A typology of risks to increase investment in indigenous and community-led landscapes

Author

Frank Hawkins

Jessica Smith

Source(s)
UNEP Finance Initiative

The finance gap for nature is well-established, as one of the most poorly-funded themes amongst the UN Sustainable Development Goals, missing at least USD 4 trillion in finance if we are to meet net-zero and nature-positive targets. At the same time, Indigenous Peoples and Local Communities (IPLCs) are vital custodians of the world’s landscapes: at least 32%, or 43.5 million km2, of global land and associated inland waters is owned or governed by IPLCs, either through legal or customarily-held means. Communities have been noted to manage biodiversity on par with or more effectively than state protected areas, even when conservation is not the primary purpose (e.g. in Schuster et al., 2019; Corrigan et al., 2018)

The forthcoming Global Biodiversity Framework is likely to recognise the importance of Indigenous Peoples and Local Communities  in meeting targets such as to protect 30% of the world’s land and water  by 2030, yet they face several challenges to accessing investor capital for this conservation mandate. These challenges include a lack of appropriate legal frameworks to recognise land rights, weak governance, exclusion, and capacity for community-led monitoring and enforcement. Together these represent a mix of real and perceived risks to investors, including financial, social and environmental risks. Unique risks specific to private investment in community-led conservation and particularly non-freehold / non-state land have already been identified (e.g. in Smith et al, 2022) including land tenure types that are unfamiliar to most investors but widely used in conservation practice.

At the recent meeting of the Coalition for Private Investment in Conservation, Dr Frank Hawkins noted that, “identifying and mitigating the perception and reality of risk by both IPLCs and investors is one of the most important steps needed to close the conservation finance gap.”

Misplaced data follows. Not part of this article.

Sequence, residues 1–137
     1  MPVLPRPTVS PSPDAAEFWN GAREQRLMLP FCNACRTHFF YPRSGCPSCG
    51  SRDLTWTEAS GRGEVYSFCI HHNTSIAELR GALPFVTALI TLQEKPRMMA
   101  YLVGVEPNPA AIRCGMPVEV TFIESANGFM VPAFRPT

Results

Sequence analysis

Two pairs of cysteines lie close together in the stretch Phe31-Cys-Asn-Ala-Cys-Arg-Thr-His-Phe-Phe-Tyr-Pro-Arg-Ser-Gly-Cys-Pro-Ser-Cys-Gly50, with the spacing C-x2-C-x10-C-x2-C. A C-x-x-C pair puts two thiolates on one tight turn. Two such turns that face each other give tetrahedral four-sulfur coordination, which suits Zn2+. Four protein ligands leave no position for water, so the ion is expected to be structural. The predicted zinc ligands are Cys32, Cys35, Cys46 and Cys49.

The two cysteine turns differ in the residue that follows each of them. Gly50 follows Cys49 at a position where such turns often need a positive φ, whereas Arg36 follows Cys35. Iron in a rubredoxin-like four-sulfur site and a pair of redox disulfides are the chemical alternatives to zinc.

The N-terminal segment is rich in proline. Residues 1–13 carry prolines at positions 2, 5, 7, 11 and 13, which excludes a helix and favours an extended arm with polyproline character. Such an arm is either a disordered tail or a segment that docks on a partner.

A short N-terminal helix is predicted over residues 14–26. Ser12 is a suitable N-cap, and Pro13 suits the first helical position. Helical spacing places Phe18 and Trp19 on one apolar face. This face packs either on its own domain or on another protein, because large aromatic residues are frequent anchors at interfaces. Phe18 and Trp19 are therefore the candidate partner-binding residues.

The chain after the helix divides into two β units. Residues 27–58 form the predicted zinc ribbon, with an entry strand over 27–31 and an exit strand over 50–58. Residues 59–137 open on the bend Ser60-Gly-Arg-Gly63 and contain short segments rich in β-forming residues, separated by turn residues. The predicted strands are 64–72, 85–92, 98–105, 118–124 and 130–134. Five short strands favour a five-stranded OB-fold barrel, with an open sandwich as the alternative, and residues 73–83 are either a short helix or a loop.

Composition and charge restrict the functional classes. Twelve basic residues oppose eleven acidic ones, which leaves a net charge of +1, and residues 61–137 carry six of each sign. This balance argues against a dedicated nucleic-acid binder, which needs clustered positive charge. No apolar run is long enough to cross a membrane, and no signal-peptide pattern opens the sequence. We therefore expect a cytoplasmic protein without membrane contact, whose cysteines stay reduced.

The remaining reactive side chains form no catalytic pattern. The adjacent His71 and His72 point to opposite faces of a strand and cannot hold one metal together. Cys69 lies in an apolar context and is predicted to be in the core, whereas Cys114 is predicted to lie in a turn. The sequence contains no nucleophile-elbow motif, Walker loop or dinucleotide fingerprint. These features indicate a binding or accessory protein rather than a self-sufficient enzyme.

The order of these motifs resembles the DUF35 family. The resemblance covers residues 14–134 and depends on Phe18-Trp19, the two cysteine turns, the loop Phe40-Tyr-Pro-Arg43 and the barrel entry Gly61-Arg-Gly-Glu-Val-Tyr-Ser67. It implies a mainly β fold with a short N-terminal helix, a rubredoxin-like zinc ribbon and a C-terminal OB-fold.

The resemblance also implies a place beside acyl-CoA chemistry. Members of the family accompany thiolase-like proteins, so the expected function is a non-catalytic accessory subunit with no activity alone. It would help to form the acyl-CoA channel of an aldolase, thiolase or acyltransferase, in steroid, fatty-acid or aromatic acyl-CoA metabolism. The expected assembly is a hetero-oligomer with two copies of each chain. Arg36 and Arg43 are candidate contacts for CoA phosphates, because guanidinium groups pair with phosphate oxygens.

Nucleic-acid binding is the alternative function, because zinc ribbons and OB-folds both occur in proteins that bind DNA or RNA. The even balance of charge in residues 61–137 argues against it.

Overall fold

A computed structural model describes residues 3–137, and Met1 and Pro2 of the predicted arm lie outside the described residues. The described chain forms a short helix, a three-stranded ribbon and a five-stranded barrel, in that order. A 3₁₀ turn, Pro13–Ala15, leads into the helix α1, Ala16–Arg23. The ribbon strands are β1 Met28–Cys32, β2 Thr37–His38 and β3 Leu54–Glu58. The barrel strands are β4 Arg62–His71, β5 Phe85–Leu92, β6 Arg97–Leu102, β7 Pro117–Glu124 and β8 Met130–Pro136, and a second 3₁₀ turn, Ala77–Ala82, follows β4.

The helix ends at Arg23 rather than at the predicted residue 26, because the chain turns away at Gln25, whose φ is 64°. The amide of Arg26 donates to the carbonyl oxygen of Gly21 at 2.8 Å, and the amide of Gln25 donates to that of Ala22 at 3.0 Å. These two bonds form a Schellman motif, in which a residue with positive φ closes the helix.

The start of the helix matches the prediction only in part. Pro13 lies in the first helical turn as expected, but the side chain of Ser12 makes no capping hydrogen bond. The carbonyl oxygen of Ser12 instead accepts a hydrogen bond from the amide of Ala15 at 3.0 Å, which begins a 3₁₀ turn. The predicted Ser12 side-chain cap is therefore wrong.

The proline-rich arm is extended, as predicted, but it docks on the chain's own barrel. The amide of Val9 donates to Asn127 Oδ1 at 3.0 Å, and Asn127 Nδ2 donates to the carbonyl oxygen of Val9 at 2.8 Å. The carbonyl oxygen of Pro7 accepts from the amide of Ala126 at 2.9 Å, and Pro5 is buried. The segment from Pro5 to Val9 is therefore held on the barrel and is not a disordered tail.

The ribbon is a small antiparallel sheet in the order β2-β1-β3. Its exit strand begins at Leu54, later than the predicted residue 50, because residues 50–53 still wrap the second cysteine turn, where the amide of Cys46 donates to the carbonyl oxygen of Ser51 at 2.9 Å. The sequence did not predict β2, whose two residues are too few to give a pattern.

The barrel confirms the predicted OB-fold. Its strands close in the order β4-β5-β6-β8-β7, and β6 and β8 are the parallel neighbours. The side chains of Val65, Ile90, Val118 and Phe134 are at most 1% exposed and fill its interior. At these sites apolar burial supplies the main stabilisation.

Josep Oriol, working actively in this space as managing director of Nairobi-based Okavango Capital noted, “we have many potential transactions at the conception stage but they sometimes fall through at the due diligence, closing, or growth stages. We need to standardise the risks that are causing real or perceived bottlenecks at each stage in order to address them systematically.”

Nature Lead at the UNEP Finance Initiative, Jessica Smith, conveyed that many de-risking products are out there for other impact investing themes, yet the few available for conservation finance remain at the ‘proof of concept’ stage or are highly bespoke. She highlighted that, “in order for a larger number of banks, insurers and investors to get involved in nature finance with IPLCs, there need to be more standardised frameworks and methods to make risk-return calculations. This requires quantitative measures, as uncertainties will limit the potential of scaling investments in this space. A common typology of financial, environment and social risk related to IPLC landscapes for investors is the key to consistent measurement.”

Seeking to address this gap is a group of researchers and professionals from the UNEP Finance Initiative, the Coalition for Private Investment in Conservation (CPIC), the University of Cape Town Graduate Business School and on-the-ground practitioners. One current hypothesis is that commonalities exist among issues related to investing in various forms of community-led conservation landscapes across a number of regions in the Global South (i.e. emerging markets and the developing world). There is currently a major gap in the market for a framework for identifying, assessing and managing financial, environmental and social risks in private financial investments (including blended finance) in community-led conservation in the Global South.  Developing a common typology provides a structured way to quantitatively assess risk, for investors and their advisors, but also for IPLCs themselves.

This includes possible investment in freshwater, marine, and terrestrial areas where Indigenous Peoples and Local Communities can promote nature-based solutions – for example in mangroves, sea grasses, peatlands and other sizeable carbon sinks that will help us reach net zero emissions.


Get involved: answer this questionnaire by September 6th to help build a common framework for identifying, assessing and managing risks in private financial investments in community-led conservation in the Global South.

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